Embeddings! Algorithms like Word2Vec train a neural network for a classification task, but they don't use the learned classification directly. Instead they use the layer just before the classification as a representation of the word. Similarly, we can use a pre-trained image classifier and run it on a collection of images, but rather than using the final layer to label the result, we get the layer before that and use that as a vector representation of the image. Similar images will have a similar vector representation. So finding similar images becomes just a nearest neighbor search.

As with a lot of things like this, getting the data to run the algorithm on is more work than getting the algorithm to run. Where do we get a set of representative images from? The images from the Wikipedia are a good start, but we might not want all of them. Most articles are about specific instances of things - for a reverse image search demo, classes of things are more interesting. We're interested in cats, not specific cats.

Luckily, Wikidata annotates its records with a 'is instance of' property. If you have imported a Wikidata snapshot into Postgres, then getting the wikipedia_ids for all values for the instance-of property is a simple SQL statement:
select properties->>'instance of' as thing, count(*) as c 
from wikidata group by thing

For some of these, Wikidata also provides us with a canonical image. For others we have to fetch the wikipedia page and parse the wikicode. We're just going to get the first image that appears on the page, nothing fancy. After an hour of crawling, we end up with a set of roughly 7 thousand images.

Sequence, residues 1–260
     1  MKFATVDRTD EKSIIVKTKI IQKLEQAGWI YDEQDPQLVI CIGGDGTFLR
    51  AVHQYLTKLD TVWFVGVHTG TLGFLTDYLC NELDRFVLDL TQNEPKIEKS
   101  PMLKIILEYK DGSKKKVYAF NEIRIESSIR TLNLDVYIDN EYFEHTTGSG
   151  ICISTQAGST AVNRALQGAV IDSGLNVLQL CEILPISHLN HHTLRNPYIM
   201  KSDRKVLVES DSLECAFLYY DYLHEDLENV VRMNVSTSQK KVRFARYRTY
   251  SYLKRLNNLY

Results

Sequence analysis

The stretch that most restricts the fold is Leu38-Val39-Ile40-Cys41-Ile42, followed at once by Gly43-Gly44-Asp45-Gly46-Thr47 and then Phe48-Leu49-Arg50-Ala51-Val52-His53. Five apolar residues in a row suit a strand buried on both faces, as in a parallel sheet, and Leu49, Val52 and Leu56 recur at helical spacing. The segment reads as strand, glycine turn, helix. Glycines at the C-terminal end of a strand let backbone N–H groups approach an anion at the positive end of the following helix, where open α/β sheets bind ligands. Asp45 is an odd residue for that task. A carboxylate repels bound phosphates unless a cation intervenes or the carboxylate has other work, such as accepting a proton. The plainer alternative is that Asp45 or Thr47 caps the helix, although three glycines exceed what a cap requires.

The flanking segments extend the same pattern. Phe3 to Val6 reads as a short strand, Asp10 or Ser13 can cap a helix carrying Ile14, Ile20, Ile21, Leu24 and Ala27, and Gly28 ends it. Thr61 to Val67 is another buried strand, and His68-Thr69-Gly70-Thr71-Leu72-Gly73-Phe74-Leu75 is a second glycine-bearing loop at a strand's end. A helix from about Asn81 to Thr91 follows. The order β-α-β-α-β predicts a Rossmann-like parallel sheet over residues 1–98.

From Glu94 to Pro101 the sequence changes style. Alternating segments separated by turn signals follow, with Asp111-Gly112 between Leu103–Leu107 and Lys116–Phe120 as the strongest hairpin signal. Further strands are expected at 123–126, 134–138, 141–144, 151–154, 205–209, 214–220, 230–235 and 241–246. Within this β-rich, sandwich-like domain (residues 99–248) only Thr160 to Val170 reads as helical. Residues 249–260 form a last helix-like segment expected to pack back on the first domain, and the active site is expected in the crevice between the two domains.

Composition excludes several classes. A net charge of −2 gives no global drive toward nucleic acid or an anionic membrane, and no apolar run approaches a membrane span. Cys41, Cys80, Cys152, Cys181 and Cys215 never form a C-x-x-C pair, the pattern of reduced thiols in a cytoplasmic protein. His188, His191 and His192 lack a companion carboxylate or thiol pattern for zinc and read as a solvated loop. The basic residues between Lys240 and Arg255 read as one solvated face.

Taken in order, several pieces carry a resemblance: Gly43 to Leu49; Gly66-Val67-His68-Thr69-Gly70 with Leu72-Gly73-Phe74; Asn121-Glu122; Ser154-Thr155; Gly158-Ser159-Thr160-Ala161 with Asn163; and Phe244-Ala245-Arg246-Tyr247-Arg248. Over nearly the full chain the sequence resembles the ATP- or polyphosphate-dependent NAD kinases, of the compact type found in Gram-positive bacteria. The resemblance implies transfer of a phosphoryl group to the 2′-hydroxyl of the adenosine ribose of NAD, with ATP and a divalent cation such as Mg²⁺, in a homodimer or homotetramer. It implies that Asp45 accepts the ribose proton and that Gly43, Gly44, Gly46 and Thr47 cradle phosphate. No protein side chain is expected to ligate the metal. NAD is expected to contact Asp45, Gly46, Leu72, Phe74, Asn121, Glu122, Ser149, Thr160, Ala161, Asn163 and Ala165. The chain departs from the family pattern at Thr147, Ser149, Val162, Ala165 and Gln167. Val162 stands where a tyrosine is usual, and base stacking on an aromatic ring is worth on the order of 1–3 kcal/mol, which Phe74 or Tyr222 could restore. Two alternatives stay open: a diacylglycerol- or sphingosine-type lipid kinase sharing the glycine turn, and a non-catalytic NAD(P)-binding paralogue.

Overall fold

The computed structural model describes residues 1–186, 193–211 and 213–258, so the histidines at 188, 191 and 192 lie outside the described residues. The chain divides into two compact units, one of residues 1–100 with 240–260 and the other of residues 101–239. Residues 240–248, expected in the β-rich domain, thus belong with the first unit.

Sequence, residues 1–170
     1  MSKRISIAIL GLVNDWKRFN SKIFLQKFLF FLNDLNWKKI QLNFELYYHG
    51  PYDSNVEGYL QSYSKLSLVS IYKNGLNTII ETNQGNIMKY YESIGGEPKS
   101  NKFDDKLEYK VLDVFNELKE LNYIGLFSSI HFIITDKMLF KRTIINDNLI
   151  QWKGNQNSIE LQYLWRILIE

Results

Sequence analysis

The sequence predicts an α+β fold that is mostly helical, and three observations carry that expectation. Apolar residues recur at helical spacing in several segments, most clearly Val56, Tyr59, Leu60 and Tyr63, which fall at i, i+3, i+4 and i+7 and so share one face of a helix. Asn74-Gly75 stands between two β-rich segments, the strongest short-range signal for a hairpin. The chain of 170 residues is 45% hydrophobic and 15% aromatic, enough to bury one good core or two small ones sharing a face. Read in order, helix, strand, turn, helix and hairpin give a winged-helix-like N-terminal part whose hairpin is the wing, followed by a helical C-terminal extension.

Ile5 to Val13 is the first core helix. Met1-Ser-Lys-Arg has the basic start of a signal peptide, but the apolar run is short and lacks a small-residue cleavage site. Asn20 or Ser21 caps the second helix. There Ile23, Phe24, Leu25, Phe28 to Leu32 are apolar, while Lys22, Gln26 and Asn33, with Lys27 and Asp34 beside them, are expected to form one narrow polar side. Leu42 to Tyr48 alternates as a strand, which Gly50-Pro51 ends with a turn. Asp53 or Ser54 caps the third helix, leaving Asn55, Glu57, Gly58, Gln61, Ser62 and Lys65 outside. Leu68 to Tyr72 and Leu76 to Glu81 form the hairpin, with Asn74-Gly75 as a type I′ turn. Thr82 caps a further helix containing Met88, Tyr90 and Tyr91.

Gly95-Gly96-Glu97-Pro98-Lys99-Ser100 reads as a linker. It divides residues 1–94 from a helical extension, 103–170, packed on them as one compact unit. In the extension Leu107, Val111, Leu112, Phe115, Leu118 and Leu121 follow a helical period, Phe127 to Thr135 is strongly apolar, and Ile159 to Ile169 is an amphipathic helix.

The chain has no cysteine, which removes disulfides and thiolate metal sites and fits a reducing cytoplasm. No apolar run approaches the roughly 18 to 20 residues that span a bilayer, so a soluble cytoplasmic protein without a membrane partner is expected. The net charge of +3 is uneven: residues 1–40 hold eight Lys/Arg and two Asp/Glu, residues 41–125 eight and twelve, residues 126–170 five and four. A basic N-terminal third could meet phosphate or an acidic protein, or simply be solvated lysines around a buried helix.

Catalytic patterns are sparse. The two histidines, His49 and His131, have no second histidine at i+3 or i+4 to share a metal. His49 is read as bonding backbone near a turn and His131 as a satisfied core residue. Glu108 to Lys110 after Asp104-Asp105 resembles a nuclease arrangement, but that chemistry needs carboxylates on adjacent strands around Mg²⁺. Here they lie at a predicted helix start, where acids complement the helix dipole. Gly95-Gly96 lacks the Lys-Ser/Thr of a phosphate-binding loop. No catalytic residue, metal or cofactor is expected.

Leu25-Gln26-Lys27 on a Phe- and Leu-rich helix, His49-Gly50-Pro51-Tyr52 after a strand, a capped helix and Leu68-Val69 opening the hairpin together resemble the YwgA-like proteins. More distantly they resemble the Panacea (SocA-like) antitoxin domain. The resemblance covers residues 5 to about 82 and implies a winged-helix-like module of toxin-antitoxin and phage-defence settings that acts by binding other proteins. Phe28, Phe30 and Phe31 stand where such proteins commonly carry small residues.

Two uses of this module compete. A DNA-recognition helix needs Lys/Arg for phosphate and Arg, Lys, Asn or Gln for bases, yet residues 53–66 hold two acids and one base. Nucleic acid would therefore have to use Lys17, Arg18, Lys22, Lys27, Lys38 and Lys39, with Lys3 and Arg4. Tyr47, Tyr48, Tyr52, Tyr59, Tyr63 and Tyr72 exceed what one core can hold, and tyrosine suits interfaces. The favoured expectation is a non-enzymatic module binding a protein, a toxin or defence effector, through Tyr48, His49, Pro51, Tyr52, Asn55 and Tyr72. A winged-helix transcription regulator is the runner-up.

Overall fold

SkLearn provides us with an k-nearest-neighbor algorithm implementation and we're off to the races. We can spin-up a flask based server that accepts an image as a POST request, feeds that image into our pre-trained classifier. From that we'll get the vector representing that image. We then feed that vector into the nearest neighbor model and out fall the most similar images. You can see a working demo here

It mostly works well. If you feed it a cat, it will return pictures of cats, the definition of success on the Internet. On mobile, you can directly upload a picture from your phone's camera and that seems to go ok, too. The biggest limitation I've come across so far is that the algorithm is bad at estimating how good its guesses are. So if there aren't any suitable pictures in the training set, it will return the one that it thinks is the closest match, but to the human eye it seems fairly unrelated.

As always, you can find the code on Github.

Tuesday, January 17, 2017

Learning to Draw: Generating Icons and Hieroglyphs

In this blog post we'll explore techniques for machine drawn icons. We'll start with a brute force approach, before moving on to machine learning, where we'll teach a recurrent neural network to plot icons. Finally we'll use the same code to generate pseudo hieroglyphs by training the network on a set of hieroglyphs. With the addition of a little composition and a little coloring, we'll end up with this:

Last week's post "Deep Ink" explored how we can simulate computers playing with blobs of ink. But even if humans see things in these weird drawings, Neural Networks don't. If you take the output of Deep Ink and feed it back into something like Google's Inception, it offers no opinions.

The simplest thing I could come up with to generate icons was brute force. If you take a grid of 4x4 pixels, there are 2^16 possible black and white images. Feed all of them into an image classifier and see if anything gets labeled. It does. But 16 pixels don't offer a lot of space for expression, so the results are somewhat abstract if you want to be positive, or show weaknesses in the image classifier if you are negative. Here are some examples: